4 Science-backed health benefits of turmeric & curcumin
In the past few years, turmeric and curcumin have become buzzwords in the health industry. However, terms such as turmeric, curcumin, and curcuminoid are often confused, so let’s clarify what’s what.
Turmeric is a root and a member of the ginger family, widely used in Ayurvedic medicine. It gives curry powder its golden color and is used as both a cooking ingredient and a medicinal product.
Curcumin is the main active component in turmeric, and part of a group of compounds called curcuminoids.
By weight, pure turmeric powder contains only 3% curcumin and store-bought turmeric and curry spices have been shown to contain even less. Turmeric extracts normally contain about 75%.
Curcumin is poorly absorbed and has lower solubility in water. Adding black pepper to dishes (or piperine, the derivative of pepper) boosts its absorption by 1000-2000%+.
Turmeric is a natural anti-inflammatory agent, with antioxidant properties. It has few side effects and appear to be helpful for a number of conditions. Curcumin is believed to be largely responsible for turmeric’s health benefits.
Alleviates joint issues
Research suggests that curcumin may promote joint health and alleviate joint pain associated with osteoarthritis. It’s thought to ease joint issues (and other issues) by modulating several pro-inflammatory pathways.
Eases symptoms of depression
Some studies suggest that curcumin is helpful for alleviating symptoms of depression, especially in middle-aged adults – but it may not work immediately. Supplementing for a longer duration appears to yield better results.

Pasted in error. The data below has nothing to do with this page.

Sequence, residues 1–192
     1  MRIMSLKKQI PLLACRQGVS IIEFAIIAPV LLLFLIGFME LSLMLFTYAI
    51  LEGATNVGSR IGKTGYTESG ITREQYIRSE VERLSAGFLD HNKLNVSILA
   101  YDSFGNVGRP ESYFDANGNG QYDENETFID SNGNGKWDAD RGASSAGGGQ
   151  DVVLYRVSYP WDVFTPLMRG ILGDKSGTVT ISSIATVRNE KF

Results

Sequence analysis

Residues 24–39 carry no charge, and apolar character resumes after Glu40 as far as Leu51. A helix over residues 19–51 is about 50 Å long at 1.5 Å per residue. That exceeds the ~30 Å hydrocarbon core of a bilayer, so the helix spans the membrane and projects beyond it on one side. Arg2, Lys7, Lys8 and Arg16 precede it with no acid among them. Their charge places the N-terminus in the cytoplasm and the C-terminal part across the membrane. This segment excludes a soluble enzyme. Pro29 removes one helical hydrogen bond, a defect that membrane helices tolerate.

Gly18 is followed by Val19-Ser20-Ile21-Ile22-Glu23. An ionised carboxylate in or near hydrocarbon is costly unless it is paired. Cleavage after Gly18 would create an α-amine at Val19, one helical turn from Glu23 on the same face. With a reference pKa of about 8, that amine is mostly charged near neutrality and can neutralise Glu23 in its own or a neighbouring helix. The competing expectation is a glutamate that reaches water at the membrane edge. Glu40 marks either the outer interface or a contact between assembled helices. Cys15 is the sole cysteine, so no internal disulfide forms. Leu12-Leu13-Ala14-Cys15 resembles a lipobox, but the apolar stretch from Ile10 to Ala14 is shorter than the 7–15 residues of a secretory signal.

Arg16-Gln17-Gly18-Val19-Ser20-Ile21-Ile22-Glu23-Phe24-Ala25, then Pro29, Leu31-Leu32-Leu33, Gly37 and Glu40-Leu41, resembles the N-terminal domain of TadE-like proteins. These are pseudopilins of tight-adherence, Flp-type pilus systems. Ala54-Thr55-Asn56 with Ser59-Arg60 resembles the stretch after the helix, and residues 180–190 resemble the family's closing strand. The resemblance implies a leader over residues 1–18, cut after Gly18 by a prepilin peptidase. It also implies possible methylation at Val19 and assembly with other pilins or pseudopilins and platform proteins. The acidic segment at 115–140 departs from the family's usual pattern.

Assists with skin issues
Curcumin appears to have a variety of benefits for the skin. Although research on curcumin and skin if still in its infancy, a systematic review conducted in 2016 showed that topical and oral curcumin produces a statistically significant improvement in skin conditions including acne, alopecia, atopic dermatitis, facial photoaging, pruritus, psoriasis, radiodermatitis, and vitiligo. Curcumin may also be useful for wound healing.
Helps your heart
Turmeric and its active components may help buffer oxidative stress and lower inflammation associated with heart disease. Studies to-date indicate that turmeric and curcumin help lower ‘bad’ cholesterol (LDL) and triglycerides in people at risk for heart disease. In addition, some evidence suggests that turmeric and curcumin may be useful for improving blood vessel function, a critical component of heart health.
Turmeric has been used for thousands of years in Ayurveda and Chinese Medicine for a variety of problems, from bug bites to the common cold. Recent research suggests that turmeric is particularly helpful for heart health, joints, mood, and skin, although the full potential of the golden spice is still being explored. Are you interested in incorporating turmeric into your diet? Discover which other superior quality vitamins our Nutrition Experts recommend for your unique profile by taking our free 5-minute consultation.